“The richest man in Illinois does not often give speeches. But on a warm spring day two years ago, Kenneth C. Griffin, the billionaire founder of one of the world’s largest hedge funds, rose before a black-tie dinner of the Economic Club of Chicago to deliver an urgent plea to the city’s elite.

They had stood silently, Mr. Griffin told them, as politicians spent too much and drove businesses and jobs from the state. They had refused to help those who would take on the reigning powers in the Illinois Capitol. “It is time for us to do something,” he implored.

Their response came quickly. In the months since, Mr. Griffin and a small group of rich supporters — not just from Chicago, but also from New York City and Los Angeles, southern Florida and Texas — have poured tens of millions of dollars into the state, a concentration of political money without precedent in Illinois history.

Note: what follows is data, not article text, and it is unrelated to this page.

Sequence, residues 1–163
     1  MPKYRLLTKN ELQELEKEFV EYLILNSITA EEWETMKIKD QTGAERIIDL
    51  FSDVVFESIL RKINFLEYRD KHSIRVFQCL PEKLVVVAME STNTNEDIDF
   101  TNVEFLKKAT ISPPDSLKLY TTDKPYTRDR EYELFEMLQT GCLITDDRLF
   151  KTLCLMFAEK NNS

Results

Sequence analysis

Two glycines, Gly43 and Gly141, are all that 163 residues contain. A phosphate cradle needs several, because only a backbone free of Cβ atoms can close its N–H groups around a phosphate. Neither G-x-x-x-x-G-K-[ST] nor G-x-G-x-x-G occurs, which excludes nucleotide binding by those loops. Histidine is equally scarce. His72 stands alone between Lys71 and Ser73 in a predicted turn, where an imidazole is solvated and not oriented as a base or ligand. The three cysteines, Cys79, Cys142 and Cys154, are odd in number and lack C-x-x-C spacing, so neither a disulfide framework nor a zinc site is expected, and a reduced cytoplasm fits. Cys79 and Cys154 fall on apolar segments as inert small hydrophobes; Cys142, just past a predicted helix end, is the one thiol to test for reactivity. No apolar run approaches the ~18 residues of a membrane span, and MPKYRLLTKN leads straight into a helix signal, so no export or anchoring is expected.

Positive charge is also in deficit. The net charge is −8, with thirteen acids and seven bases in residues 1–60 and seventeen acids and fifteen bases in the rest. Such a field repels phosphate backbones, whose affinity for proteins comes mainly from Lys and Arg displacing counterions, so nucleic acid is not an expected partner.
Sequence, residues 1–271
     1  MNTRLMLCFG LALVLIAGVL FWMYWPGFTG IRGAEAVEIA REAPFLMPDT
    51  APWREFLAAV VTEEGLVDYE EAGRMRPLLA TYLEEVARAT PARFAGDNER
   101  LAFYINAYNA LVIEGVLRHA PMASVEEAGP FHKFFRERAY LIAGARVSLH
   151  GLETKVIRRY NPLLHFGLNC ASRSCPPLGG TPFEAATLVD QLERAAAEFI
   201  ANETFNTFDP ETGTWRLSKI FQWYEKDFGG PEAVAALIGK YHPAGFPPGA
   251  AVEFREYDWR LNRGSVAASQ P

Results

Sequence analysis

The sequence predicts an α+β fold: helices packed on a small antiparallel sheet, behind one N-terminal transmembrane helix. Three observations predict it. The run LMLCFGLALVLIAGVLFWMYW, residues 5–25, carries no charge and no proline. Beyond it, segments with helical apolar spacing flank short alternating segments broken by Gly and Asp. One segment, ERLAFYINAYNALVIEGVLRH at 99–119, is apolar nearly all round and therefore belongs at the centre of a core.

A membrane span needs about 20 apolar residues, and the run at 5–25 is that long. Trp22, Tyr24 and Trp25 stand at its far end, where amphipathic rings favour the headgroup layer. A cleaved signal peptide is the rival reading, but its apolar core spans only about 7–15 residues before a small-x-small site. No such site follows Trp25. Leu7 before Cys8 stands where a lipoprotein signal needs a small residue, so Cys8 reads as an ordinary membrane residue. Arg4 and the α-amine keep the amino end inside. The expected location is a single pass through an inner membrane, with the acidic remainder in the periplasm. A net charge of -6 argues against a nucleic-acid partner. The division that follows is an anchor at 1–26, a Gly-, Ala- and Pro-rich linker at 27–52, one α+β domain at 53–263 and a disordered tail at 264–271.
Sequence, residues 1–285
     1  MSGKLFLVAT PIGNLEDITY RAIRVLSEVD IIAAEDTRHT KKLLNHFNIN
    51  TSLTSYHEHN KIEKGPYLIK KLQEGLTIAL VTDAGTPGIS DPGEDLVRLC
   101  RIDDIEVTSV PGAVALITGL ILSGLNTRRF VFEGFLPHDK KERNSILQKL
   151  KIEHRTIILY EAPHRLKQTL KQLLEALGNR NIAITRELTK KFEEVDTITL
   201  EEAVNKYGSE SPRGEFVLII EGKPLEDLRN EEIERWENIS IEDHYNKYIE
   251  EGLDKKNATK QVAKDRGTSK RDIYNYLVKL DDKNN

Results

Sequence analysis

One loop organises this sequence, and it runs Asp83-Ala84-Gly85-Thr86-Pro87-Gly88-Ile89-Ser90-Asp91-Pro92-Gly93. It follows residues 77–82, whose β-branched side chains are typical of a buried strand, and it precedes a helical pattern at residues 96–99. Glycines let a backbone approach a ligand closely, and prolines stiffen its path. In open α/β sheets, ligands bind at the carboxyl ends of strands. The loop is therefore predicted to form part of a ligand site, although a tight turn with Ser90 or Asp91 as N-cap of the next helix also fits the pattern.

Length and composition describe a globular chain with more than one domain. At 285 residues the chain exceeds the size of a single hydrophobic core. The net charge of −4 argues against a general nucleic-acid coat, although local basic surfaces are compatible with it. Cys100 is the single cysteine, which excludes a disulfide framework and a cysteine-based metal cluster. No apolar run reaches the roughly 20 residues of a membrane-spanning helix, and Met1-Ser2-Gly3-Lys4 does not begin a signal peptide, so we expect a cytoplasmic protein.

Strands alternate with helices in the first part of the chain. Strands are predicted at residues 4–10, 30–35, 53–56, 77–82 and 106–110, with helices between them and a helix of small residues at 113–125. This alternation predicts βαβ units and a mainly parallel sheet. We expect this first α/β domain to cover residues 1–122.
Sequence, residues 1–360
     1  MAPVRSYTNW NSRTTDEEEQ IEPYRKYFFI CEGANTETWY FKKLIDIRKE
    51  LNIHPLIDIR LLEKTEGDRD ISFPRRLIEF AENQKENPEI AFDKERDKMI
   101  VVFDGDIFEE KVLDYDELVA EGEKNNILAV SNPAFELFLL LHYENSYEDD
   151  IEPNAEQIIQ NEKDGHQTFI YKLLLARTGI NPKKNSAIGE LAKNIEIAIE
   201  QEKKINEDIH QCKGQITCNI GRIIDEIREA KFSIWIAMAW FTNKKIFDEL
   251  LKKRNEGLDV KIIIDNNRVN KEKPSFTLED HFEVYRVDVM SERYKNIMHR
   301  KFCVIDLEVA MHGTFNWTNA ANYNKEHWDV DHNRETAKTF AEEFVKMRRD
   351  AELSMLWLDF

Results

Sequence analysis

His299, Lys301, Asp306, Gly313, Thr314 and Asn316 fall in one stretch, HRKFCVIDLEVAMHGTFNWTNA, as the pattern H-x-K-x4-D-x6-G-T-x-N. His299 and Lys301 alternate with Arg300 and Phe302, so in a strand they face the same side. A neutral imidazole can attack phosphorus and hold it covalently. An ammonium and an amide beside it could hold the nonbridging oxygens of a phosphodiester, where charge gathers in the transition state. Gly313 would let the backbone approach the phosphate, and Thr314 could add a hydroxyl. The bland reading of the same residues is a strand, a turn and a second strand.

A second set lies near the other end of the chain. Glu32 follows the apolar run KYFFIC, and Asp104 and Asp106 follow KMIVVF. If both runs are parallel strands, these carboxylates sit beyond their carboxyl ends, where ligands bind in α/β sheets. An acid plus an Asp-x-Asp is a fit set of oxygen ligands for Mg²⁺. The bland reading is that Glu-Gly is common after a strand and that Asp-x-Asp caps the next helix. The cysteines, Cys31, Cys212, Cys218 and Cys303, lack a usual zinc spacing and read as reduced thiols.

Their wealth has forcefully shifted the state’s balance of power. Last year, the families helped elect as governor Bruce Rauner, a Griffin friend and former private equity executive from the Chicago suburbs, who estimates his own fortune at more than $500 million. Now they are rallying behind Mr. Rauner’s agenda: to cut spending and overhaul the state’s pension system, impose term limits and weaken public employee unions.”

If the reader follows Illinois news, they know Rauner has stalled passage of a democratic budget even to today. Schools and colleges across the state are laying off staff; public schools and private ones have begun shortening school years, some are forced to cut sports programs (a few are in violation of Title Nine). Public Works has dropped their state-wide schedule.